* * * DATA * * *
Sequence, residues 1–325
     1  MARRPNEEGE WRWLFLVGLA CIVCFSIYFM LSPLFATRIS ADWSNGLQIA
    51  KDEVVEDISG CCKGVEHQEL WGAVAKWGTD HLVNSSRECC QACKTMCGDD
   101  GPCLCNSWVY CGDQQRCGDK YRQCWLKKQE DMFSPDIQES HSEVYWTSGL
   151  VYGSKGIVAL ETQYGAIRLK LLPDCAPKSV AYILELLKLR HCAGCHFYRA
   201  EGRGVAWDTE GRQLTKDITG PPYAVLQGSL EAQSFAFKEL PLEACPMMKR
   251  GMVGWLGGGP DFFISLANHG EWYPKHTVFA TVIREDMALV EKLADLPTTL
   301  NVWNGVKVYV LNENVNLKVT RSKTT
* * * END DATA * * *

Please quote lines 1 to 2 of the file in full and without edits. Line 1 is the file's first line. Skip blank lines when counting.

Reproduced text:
Sequence, residues 1–325
     1  MARRPNEEGE WRWLFLVGLA CIVCFSIYFM LSPLFATRIS ADWSNGLQIA